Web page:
How Team USA Won Silver at the Bocuse d'Or
If you thought Super Bowl 49 was exciting, you should check out Team USA’s silver-medal win at this year’s Bocuse d’Or.
If you thought Super Bowl 49 was exciting, you should check out Team USA’s silver-medal win at this year’s Bocuse d’Or. At the international competition in Lyon, France, aka the culinary Olympics, the United States came in just nine points behind first-place Norway—the equivalent of being a millisecond behind in the downhill skiing event. In front of a crowd of thousands and 24 judges from around the world, America picked up their heavy silver statue and waved the flag, beating the teams from 22 other countries. To underscore what a big deal this is, know that the US had never before placed higher than sixth; Norway has been to the podium five times already. “I knew we would win this year,” said the legendary chef Thomas Keller, who heads the Bocuse d’Or USA Foundation. “But I say that every year. You can’t walk up to the pitcher’s mound and say, this year, we’re gonna lose.”
Here are five things to know about the USA’s epic win.
1. The chefs trained like crazy for more than a year.
Katy Perry gave up six months of her life to plan for the Super Bowl—but Philip Tessier and Skyler Stover headed up Team USA. Tessier, executive sous chef at the French Laundry in Napa, and Stover spent more than a year hunkered down full-time in a custom kitchen built in Keller's father's old house in Napa. They made sure that all the dimensions matched the ones for the Bocuse d’Or, from the size and height of their work tables to the burners. The UK team brings an ear-splitting marching band to Bocuse d’Or; Tessier and Stover blasted techno music in their kitchen to prepare.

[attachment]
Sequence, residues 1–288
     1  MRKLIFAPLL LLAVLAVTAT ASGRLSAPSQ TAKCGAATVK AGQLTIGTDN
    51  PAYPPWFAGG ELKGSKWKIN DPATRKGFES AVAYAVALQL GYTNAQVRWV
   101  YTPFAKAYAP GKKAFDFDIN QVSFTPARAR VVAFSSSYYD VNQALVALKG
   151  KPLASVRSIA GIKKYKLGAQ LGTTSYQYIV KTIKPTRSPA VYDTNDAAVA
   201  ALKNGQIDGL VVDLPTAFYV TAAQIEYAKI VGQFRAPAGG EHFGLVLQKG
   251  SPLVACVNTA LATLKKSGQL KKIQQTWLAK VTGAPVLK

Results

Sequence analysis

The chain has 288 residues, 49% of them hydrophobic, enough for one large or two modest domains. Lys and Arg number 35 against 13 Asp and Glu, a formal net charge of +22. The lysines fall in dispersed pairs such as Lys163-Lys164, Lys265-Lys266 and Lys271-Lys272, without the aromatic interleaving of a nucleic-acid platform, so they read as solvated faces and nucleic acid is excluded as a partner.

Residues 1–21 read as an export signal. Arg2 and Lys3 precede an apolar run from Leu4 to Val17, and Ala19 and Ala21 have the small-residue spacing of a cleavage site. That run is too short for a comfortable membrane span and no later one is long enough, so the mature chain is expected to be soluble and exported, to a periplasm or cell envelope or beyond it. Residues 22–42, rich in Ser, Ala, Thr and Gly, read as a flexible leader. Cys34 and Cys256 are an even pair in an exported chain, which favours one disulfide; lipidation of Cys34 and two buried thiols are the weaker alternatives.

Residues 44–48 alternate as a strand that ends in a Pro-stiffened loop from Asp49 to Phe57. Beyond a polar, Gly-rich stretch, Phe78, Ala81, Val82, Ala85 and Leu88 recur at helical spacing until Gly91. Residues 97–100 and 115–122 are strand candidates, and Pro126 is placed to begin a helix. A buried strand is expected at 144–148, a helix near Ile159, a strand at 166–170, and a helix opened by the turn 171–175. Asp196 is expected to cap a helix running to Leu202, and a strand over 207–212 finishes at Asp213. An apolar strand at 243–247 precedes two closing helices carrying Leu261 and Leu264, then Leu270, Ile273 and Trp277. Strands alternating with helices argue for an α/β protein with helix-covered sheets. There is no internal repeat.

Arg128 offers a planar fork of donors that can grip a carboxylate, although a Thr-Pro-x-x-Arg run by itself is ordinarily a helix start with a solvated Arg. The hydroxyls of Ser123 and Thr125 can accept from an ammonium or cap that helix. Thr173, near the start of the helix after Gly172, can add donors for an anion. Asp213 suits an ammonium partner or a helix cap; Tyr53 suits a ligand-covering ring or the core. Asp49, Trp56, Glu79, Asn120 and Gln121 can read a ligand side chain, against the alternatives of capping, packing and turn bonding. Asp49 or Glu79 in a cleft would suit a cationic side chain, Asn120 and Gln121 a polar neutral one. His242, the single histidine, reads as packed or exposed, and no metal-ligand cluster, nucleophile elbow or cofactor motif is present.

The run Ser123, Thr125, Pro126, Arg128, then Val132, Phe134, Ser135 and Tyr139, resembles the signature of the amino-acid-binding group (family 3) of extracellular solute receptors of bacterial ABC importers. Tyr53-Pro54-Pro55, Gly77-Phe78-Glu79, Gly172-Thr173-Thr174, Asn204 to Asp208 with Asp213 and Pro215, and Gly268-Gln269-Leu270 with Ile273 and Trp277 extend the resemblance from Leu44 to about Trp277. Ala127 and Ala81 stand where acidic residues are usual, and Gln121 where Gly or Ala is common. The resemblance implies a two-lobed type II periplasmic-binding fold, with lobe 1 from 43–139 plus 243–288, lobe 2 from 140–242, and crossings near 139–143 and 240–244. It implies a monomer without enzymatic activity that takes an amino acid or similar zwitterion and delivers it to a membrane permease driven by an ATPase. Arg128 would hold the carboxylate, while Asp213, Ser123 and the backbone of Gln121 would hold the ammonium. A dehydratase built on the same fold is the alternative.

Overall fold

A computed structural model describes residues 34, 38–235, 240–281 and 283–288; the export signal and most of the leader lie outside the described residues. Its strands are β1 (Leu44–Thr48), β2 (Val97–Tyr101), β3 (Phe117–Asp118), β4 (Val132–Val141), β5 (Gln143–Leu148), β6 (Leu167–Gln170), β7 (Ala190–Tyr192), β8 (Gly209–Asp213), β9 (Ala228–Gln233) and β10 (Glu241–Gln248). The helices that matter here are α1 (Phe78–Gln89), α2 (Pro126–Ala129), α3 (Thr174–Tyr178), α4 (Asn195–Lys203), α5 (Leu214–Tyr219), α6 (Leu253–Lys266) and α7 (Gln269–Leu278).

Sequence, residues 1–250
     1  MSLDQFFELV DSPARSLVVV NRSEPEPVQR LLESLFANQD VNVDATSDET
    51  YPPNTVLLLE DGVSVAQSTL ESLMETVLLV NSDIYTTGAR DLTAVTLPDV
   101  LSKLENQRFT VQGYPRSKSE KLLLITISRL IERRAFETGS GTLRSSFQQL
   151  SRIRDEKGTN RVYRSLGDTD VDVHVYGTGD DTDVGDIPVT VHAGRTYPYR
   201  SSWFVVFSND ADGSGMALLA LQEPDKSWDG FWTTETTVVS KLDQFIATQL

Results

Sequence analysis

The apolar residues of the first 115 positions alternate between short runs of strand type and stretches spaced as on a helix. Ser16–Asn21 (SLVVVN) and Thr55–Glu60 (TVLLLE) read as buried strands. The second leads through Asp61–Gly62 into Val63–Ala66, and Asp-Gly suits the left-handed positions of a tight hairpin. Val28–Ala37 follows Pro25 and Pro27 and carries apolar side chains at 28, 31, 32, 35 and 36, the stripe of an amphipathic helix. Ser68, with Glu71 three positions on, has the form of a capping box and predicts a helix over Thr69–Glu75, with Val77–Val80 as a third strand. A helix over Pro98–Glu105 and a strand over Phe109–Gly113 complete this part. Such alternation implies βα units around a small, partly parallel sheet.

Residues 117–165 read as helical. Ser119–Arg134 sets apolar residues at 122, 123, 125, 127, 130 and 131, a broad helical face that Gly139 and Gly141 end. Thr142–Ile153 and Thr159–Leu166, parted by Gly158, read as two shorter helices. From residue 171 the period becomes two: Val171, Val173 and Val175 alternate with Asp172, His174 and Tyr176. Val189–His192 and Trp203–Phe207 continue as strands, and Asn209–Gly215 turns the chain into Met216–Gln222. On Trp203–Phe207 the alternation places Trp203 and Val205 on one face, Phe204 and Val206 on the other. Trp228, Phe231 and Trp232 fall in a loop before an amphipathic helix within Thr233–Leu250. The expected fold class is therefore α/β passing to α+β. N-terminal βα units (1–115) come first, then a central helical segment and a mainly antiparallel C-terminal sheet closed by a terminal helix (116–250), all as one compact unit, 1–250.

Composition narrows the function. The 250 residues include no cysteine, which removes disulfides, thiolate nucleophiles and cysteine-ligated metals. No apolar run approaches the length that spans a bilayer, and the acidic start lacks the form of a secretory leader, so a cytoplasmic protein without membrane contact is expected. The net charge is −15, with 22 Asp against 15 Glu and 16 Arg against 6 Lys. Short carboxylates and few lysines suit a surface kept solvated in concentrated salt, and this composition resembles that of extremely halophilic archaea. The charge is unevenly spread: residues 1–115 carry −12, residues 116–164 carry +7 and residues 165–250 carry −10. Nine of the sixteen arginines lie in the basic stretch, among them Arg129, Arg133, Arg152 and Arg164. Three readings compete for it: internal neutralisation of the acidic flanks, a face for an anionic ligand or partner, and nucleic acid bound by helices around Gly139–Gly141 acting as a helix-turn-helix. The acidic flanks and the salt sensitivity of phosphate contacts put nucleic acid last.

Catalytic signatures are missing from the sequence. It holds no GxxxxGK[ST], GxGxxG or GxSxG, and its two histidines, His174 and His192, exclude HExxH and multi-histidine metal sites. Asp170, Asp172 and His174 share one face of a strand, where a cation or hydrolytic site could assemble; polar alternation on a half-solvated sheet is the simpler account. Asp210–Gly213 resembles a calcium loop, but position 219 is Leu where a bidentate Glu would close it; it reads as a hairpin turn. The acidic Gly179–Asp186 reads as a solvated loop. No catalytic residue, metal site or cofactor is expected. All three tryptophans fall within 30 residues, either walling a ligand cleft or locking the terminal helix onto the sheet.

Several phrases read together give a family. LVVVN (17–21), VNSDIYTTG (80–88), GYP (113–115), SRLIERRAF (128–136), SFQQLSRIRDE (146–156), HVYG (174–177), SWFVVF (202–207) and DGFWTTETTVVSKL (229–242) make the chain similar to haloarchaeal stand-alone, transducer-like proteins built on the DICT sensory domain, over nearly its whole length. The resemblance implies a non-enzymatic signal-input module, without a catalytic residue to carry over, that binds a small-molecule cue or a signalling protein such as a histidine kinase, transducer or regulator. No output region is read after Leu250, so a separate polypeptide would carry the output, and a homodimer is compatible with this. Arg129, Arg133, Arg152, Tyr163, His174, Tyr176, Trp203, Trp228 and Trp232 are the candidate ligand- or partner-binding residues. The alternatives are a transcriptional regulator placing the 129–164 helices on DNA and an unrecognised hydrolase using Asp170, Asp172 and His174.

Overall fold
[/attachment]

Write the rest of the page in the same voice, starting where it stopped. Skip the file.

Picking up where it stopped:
2. Their menu was all about hometown pride.
With help from supporters Keller and Daniel Boulud (F&W Best New Chefs), Tessier and Stover chose Napa Valley as their theme. They practiced all-purpose garnishes for an array of meats and fish (contestants aren’t told the major ingredients they must work with until a few months before the Bocuse d’Or). The winning dishes included Barrel-Oak Roasted Guinea Hen with a White Corn Nest, comprised of Buttered Corn Pudding on a Mound of Crisped Corn Silk (every single component they created is stunning).
3. The coaches are badass.
Coaches for Team USA include renowned chefs like Grant Achatz and Gavin Kaysen (more F&W Best New Chefs!), but the person Tessier and Stover worked with most closely was Martin Kastner from the design firm Crucial Detail. He created special platters and even worked with the duo on plating tips. Among his ingenious innovations: threading sugar snap peas on a wire, so they could be easily dipped in glaze and used as a garnish for Garden of Sweet Peas. “You can’t imagine how much easier this is than tweezers,” says Kaysen.
4. Before their score came in, they could tell they'd nailed it.
The US team knew they’d done exceedingly well as soon as they were done. “At Bocuse d’Or, sometimes you see a platter that stops time,” says Kaysen. “Everyone was congratulating us like we’d won as soon as the dishes were served.” The US presented their dishes toward the end of Day 1 and had to wait until the end of Day 2 to confirm their win. “It’s like skiing fastest down the mountain; then you have to wait for everyone else’s times,” Kaysen notes.
5. Bocuse himself might have been rooting for America.
Paul Bocuse, the legendary French chef and founder of this completion, is a Team USA fan. “When he was in the Second World War, he wound up in a US Army hospital and a blood transfusion saved his life,” Keller says. To this day, Bocuse has an American flag flying outside his restaurant. “And he says he has American blood in his veins,” Keller adds.